Humans in general often change their minds – and your users are no exception. Making it easy for users to update their consent preferences can benefit your site in several ways. Firstly, it’s great for transparency and user experience. Secondly, it gives you more opportunities for consent.

widget privacy iubenda

Let’s say that some element on your website (eg. a video) can’t load because users have rejected cookies. By making it easy for users to edit their preferences, you’re both making their experience better and increasing your chances to get new consent.

✅ Here’s how to do it

Add a widget on your home page that allows users to reopen the preferences panel.

Our Privacy Controls and Cookie Solution configurator has a specific section for the privacy widget: you can choose its look, position, colors, and more.

3. Tell your users why you’re using cookies

You shouldbe transparent about the purposes of cookies and the categories you’re using. Avoid misleading descriptions or classifying non-essential cookies as technical cookies, that is deceptive.

But it’s not just about transparency here.

In her study, Doctor Ellen Langer demonstrated the power of the word “because”. She found out that people generally tend to agree with something if you explain why they should.

✅ Here’s how to do it

You need to add all this information in your cookie policy. It can be a part of your privacy policy, or a different document. Remember to link it within your banner.

Need to create one? Check iubenda’s Privacy and Cookie Policy Generator.

4. Add your logo to the cookie banner

A logo is the equivalent of your company’s face.

We’ve found that cookie banners that have a logo usually tend to have a higher consent rate.

That’s because people are more likely to trust companies that they can recognize at a glance and are honest about their privacy practices.

iubenda's cookie banner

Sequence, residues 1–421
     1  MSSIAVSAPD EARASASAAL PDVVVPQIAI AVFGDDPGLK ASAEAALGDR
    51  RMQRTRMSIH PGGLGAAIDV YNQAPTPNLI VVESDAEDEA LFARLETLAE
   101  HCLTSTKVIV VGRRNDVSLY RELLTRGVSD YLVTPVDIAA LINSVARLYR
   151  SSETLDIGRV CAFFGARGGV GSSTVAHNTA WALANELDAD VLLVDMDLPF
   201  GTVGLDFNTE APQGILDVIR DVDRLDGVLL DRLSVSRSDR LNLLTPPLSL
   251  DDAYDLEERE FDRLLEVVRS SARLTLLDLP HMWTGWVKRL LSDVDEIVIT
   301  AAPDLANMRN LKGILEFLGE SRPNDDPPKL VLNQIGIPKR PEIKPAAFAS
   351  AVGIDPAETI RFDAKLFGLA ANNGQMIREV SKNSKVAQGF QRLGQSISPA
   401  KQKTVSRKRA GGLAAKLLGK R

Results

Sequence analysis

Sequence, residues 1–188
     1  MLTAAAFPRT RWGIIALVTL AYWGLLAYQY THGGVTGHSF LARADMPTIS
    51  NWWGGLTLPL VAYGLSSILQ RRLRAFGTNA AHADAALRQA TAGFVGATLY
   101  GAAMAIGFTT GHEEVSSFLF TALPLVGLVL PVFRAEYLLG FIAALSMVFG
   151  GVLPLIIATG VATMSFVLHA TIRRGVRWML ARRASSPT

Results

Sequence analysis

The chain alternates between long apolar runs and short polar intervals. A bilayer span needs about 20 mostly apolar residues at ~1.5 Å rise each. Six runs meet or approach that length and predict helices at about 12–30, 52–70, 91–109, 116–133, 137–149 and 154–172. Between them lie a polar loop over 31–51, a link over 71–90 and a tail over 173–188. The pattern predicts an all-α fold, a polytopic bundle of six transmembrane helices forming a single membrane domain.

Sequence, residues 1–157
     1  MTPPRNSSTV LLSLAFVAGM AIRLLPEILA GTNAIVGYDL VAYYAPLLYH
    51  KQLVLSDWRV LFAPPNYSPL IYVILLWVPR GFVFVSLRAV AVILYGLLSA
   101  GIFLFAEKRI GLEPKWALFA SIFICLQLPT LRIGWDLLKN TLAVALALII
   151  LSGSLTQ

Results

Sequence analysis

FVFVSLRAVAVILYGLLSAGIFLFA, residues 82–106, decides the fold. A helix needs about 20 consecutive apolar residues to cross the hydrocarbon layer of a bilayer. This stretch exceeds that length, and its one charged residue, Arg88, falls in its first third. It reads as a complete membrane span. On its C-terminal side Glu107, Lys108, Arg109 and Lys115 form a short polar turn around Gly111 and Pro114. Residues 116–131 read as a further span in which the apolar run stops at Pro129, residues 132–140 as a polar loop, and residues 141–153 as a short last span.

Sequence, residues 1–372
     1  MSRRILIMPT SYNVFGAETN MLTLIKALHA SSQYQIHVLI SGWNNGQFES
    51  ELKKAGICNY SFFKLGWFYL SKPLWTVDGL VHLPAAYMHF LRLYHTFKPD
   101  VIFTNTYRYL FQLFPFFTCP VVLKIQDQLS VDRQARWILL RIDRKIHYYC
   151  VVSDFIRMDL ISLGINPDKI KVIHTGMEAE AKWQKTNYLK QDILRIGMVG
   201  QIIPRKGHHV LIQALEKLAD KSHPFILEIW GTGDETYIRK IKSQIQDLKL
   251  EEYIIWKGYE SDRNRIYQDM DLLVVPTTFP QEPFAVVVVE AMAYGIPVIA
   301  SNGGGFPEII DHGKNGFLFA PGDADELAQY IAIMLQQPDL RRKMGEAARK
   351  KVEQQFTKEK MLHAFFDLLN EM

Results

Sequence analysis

✅ Here’s how to do it

When creating your cookie banner, add your logo and make it clearly visible.

If you’re using iubenda, you can just upload the logo of your company and remove iubenda’s branding. In this way, the cookie banner will look as a native part of your website.

5. Place your cookie banner on the top of the page

In our research, we’ve found that the position of your banner could make a difference in your consent rates. For example, placing your banner at the top of your page could boost your consent rates by 16%.

cookie banner top of the page

✅ Here’s how to do it

It’s really easy: when embedding your banner, choose the top of the page.

If you’re using iubenda, our Privacy Controls and Cookie Solution allows you to choose the placement you like the most and see the result live with the visual dashboard.

Is there a simple way to do all this?


You should rely on a CMP that is built keeping in mind the strictest regulations and the best practices to increase your consent rates.

Our Privacy Controls and Cookie Solution does just that.

  • The configuration based on location makes sure that you’re complying with all the laws that apply to you.
  • All the best practices to boost consents are default settings for your cookie banner.
  • And you have the freedom to customize everything as you like.

Give it a try, risk-free